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"We Tibetans are looking for a legitimate and meaningful autonomy, an arrangement that would enable Tibetans to live within the framework of the People’s Republic of China."

Lhasa Crackdown Amid Talks

November 6, 2008

Radio Free Asia 2008-11-05

Police have stepped up security requirements for visitors to the 
Tibetan capital, as the Dalai Lama's envoys wrap up talks with Chinese 
officials.

KATHMANDU-Authorities in the Tibetan capital Lhasa have stepped up 
security checks in the city following talks between envoys of the 
exiled Tibetan spiritual leader, the Dalai Lama, and Chinese officials 
in Beijing.

Formal discussions between Tibetan envoys led by Lodi Gyaltsen Gyari 
and Chinese officials Chinese officials ended Wednesday as the Dalai 
Lama said he was giving up hope that any settlement with Beijing was 
achievable. Meanwhile, security forces have tightened controls in 
Lhasa, according to tourist industry sources.

"They are carrying out very tight checks in recent days," a male 
employee at a Lhasa guesthouse said. "If people can't show an ID card, 
we can't allow them to stay here."

Guesthouses found in violation of the new rules will be punished, 
according to employees in the industry.

A Tibetan employee at a second guesthouse said Tibetans and Han 
Chinese alike were being checked.

Tightened checks on visitors

"They are really cracking down hard on the registration of guests 
right now. If we let one slip through the net, we get fined 500 yuan," 
she said.

"They are coming to check up on us, especially on people from outside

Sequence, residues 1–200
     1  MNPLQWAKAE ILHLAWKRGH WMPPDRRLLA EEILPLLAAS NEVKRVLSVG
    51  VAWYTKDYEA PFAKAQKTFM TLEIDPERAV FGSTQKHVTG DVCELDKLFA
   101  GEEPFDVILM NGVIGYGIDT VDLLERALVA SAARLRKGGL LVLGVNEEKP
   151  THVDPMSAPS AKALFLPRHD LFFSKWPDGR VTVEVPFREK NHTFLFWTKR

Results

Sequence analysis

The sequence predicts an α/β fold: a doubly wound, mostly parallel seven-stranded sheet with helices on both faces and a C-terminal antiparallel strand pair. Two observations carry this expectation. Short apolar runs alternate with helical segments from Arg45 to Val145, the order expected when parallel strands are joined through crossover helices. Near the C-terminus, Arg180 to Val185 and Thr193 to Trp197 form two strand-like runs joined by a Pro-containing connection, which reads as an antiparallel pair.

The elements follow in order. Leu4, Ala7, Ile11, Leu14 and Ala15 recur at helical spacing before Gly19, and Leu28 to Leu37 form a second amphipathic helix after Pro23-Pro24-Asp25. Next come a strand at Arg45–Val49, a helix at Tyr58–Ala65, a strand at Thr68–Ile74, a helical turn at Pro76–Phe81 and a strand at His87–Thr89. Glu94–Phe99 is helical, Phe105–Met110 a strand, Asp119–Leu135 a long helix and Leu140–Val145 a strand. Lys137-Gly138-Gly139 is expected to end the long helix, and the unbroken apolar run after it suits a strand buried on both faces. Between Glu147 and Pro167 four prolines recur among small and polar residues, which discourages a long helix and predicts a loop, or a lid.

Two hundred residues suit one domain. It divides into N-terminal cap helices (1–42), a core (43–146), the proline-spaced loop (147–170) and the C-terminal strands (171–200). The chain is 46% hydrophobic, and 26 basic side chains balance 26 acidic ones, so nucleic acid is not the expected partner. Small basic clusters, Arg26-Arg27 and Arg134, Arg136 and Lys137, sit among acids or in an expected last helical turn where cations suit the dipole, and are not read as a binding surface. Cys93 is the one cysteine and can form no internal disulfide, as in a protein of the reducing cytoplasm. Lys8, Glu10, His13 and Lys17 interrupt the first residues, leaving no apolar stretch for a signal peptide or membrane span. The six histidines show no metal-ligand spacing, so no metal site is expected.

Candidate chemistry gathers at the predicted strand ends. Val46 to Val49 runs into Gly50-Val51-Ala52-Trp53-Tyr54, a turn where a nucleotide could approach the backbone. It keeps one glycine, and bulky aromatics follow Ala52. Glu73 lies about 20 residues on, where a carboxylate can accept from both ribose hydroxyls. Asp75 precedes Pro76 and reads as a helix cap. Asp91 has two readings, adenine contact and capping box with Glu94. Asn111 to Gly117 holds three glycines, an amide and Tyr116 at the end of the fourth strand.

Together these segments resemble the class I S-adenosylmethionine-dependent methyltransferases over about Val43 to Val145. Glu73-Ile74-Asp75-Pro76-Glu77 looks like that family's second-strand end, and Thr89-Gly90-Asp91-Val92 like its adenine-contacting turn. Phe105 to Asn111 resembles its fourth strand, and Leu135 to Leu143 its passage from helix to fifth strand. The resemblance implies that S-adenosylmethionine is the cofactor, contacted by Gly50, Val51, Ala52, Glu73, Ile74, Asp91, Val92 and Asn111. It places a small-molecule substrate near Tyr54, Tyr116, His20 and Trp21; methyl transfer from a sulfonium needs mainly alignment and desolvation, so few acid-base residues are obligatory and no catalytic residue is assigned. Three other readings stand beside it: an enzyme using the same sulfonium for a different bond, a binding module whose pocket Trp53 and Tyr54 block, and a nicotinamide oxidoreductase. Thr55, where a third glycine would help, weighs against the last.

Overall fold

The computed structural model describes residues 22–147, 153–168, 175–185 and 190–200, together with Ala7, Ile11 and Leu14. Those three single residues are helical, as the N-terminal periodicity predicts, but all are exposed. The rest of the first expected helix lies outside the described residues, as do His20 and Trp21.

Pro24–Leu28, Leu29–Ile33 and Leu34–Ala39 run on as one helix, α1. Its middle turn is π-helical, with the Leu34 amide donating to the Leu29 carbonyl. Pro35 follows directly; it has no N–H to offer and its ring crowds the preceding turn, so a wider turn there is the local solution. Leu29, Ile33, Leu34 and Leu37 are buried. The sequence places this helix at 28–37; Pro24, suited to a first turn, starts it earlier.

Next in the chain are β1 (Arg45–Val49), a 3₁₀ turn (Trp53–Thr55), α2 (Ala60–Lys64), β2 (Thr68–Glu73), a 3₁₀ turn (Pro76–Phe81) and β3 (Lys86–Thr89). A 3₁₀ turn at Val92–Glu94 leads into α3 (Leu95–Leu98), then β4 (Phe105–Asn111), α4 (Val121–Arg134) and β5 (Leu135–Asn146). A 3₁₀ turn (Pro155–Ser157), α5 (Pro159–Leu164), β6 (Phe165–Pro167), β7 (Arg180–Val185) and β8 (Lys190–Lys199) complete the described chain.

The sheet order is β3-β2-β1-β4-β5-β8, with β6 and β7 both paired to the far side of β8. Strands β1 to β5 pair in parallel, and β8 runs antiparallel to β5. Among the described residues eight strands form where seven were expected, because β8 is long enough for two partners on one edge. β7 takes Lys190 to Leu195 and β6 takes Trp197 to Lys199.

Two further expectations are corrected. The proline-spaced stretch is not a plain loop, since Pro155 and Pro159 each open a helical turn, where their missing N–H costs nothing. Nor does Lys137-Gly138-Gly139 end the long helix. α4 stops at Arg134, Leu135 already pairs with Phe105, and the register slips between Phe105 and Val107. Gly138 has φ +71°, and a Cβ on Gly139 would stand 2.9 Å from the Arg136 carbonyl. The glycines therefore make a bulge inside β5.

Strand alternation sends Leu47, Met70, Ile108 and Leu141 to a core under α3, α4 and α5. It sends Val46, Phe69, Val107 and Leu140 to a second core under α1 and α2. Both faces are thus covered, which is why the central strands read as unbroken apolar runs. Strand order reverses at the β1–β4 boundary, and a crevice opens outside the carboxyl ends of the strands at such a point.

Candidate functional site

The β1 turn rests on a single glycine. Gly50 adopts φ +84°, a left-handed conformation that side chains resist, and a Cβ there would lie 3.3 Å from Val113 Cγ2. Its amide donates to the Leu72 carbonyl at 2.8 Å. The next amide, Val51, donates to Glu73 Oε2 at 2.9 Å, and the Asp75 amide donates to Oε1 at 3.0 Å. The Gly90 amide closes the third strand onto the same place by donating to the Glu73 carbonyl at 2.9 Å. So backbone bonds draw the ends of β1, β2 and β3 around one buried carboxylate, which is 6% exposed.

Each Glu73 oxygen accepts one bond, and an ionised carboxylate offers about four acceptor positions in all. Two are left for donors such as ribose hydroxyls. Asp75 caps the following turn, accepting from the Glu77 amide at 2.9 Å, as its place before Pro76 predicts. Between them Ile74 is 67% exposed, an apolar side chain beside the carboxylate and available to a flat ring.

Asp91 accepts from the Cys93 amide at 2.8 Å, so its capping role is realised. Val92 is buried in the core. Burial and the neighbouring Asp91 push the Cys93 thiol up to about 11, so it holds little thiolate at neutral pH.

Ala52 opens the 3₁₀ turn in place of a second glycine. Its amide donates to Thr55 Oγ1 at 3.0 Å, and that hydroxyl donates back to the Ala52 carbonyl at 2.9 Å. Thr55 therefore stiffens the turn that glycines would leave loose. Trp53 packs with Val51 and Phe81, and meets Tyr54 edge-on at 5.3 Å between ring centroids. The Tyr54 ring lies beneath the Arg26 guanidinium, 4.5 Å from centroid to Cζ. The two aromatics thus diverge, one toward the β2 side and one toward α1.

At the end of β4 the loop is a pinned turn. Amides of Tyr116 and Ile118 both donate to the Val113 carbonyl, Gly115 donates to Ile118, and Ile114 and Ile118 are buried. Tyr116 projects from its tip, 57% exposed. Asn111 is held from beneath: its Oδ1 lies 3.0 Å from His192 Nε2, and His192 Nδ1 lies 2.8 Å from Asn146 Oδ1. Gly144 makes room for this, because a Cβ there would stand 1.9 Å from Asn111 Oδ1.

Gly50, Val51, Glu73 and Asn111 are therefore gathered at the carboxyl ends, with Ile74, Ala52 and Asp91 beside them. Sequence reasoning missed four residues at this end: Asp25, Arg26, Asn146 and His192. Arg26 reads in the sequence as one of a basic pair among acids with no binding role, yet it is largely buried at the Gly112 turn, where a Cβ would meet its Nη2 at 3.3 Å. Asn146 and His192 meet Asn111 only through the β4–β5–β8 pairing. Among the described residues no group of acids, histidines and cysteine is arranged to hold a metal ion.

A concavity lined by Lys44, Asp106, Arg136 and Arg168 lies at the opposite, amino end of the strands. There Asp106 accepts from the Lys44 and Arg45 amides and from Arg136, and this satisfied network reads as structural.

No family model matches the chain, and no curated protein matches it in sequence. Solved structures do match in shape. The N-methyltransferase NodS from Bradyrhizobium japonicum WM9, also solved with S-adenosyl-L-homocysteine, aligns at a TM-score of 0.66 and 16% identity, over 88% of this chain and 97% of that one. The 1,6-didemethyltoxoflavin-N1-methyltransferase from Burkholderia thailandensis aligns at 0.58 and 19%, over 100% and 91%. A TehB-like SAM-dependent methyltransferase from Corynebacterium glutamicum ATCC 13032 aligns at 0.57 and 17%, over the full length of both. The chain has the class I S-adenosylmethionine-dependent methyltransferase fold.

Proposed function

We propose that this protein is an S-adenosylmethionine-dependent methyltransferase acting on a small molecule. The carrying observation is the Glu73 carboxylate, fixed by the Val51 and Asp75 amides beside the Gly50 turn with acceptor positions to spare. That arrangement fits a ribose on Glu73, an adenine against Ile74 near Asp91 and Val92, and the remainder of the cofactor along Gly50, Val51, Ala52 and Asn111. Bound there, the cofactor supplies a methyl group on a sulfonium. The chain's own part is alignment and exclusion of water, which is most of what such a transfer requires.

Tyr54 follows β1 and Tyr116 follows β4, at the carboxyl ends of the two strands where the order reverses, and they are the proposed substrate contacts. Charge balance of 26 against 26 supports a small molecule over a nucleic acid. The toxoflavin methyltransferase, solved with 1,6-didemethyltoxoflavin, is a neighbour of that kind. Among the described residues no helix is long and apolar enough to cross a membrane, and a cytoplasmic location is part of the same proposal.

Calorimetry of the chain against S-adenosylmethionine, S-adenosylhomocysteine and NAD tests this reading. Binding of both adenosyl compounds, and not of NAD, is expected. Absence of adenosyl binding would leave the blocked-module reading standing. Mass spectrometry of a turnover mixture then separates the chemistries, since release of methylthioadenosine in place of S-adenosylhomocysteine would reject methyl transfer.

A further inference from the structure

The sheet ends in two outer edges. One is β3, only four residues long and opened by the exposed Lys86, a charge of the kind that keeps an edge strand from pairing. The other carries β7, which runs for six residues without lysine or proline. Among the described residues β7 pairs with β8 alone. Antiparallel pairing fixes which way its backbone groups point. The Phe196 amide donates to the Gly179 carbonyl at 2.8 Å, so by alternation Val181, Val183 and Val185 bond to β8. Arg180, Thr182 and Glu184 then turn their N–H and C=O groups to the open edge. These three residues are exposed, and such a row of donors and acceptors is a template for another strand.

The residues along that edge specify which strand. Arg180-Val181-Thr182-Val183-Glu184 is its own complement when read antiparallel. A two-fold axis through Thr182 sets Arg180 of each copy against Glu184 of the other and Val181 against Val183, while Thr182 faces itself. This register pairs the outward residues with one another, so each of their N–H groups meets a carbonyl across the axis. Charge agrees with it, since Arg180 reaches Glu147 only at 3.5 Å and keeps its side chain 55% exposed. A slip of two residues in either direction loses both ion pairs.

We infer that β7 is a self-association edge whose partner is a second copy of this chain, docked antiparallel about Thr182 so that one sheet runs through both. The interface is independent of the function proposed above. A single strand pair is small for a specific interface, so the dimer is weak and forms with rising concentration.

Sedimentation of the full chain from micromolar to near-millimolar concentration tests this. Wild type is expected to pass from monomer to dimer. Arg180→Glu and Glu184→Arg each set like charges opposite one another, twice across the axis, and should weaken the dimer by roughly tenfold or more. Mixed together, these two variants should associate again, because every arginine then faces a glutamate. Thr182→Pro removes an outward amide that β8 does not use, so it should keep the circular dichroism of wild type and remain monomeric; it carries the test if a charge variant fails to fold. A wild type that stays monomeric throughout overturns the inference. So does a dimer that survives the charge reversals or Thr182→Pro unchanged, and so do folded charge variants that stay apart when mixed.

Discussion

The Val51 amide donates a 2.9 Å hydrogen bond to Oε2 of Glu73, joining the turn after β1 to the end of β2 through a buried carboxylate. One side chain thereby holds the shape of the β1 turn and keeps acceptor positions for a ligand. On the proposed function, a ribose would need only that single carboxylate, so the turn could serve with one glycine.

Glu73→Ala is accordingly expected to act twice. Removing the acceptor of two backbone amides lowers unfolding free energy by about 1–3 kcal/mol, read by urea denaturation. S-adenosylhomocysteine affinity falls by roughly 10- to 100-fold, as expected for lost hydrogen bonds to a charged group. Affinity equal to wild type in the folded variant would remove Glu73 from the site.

Lhasa. Everyone is getting checked."

During their visit to China, the Dalai Lama's envoys were taken to the 
Muslim autonomous region of Ningxia by Chinese authorities in an 
effort to demonstrate Beijing's handling of minority concerns, 
according to the Tibetan government in exile in Dharamsala, northern 
India.

The Dalai Lama has long championed a "middle path" policy with China, 
which espouses "meaningful autonomy" for Tibet, rather than the full 
independence for the remote Himalayan region that many younger, more 
radical activists demand.

The future of that policy will be the focus of a special meeting in 
Dharamsala next month of around 300 delegates representing the 
worldwide exiled Tibetan community.

Chinese authorities have made numerous arrests and launched a 
"patriotic education" campaign aimed at Tibetans after protests and 
riots that began in Lhasa in mid-March and spread to other Tibetan 
areas. Beijing says 22 people were killed in the rioting. Tibetan 
sources say scores of people were killed when Chinese paramilitary and 
police opened fire on crowds of demonstrators.

The Dalai Lama fled into exile in India in 1959 following a failed 
uprising in Tibet against Chinese rule.

Original reporting in Mandarin by Qiao Long. Mandarin service 
director: Jennifer Chou. Translated and written for the Web in English 
by Luisetta Mudie. Edited by Sarah Jackson-Han.
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